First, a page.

Overall it is a great, wholehearted, honest laid back rock album that could have been played by the band in Sultans Of Swing. It was respected at the time, even by the punks and new wavers and deserves the same today.



1. Once Upon A Time In The West
2. News
3. Where Do You Think You're Going
4. Communique
5. Lady Writer
6. Angel Of Mercy
7. Portobello Belle
8. Single Handed Sailor
9. Follow Me Home      
The follow up to the outstanding debut album was basically more of the same - intricate guitar work backing a laid back folk rock style vocal. It doesn’t stray far from the formula and is certainly not a bad album but for some reason I do not play it as much as either the debut or the next one, Tunnel Of Love. It is a competent, well-played collection of songs but with not quite the ambience of the debut, and certainly nothing as individually notable as Sultans Of Swing. The closest it gets is the soundalike, Lady Writer, which was an unsuccessful single.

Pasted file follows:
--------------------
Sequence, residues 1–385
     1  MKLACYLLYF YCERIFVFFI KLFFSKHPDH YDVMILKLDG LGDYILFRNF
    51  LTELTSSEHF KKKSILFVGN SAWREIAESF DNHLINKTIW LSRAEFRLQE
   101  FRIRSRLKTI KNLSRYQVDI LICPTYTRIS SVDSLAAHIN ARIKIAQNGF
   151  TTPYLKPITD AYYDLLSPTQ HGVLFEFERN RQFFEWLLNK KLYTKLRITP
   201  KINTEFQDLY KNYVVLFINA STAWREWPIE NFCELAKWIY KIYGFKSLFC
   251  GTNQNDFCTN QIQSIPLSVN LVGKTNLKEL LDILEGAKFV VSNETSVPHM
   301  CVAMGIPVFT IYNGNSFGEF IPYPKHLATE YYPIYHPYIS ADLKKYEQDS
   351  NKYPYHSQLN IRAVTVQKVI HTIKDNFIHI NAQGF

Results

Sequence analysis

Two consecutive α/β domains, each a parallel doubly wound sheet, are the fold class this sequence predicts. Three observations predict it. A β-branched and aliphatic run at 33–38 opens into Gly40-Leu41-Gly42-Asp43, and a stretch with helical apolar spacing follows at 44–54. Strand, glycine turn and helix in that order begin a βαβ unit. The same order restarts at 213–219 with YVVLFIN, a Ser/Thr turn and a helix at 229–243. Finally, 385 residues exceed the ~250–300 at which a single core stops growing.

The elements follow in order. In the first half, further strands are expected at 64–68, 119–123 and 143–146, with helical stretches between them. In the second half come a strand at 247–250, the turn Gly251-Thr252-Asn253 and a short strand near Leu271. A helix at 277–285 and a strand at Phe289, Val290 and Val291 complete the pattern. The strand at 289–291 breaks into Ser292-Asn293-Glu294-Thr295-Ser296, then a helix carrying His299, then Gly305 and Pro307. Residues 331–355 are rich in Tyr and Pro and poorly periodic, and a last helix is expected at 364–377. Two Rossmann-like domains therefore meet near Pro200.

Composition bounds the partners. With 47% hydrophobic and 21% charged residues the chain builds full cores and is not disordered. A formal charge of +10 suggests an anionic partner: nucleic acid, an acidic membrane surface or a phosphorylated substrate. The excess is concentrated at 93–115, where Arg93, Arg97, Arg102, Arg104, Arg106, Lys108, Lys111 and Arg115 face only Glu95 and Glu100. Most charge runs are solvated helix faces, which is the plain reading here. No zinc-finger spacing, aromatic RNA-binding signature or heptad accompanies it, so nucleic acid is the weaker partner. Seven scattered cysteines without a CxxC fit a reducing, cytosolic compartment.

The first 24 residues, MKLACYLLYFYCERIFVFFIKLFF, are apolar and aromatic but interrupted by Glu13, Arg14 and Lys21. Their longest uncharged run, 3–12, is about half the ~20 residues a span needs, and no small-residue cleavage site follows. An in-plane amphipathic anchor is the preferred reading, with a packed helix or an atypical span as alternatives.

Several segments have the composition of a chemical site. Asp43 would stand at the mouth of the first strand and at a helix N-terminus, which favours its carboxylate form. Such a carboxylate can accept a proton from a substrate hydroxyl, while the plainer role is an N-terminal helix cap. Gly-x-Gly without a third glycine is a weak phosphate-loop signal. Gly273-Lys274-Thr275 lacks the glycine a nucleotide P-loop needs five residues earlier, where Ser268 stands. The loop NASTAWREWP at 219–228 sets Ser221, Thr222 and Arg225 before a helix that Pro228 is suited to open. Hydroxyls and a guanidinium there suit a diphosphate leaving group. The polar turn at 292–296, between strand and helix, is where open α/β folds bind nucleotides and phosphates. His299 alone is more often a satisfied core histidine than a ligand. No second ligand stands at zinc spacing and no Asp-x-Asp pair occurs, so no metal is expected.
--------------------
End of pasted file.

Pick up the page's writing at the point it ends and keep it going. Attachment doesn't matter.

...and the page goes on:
Portobello Belle is another catchy one too, with Mark Knopfler paying homage to parts of London again, and an Irish girl who he encountered there, following his “emigration” there from the North East. This track has all the atmosphere of the previous album, to be fair.

The extended rock workout of the opener, Once Upon A Time In The West is probably the other true standout, while News has an appeal particularly in its alternate speaker drum fadeout and its tricky guitar sound.


Where Do You Think You're Going probably reflects the influence of Bob Dylan, Knopfler having worked with him on Slow Train Coming in that same year. Communiqué is an upbeat piece of bar-room blues drive by some suitably lively piano initially until it settles comfortably into a archetypal Dire Straits laid-back groove.

Angel Of Mercy is an appealing, typically early Dire Straits number, with trademark easy and slow guitar picking and one of those laconic, bluesy Knopfler vocals. An excellent solo bit of guitar can be found in the middle. It has a bit of a singalong chorus too. Single Handed Sailor has a great atmosphere to it a bit like the previous album's Down To The Waterline. Knopfler once more contributes a deadpan but enticing vocal and, ofcourse, a great guitar picking solo. The song finishes with more of the same.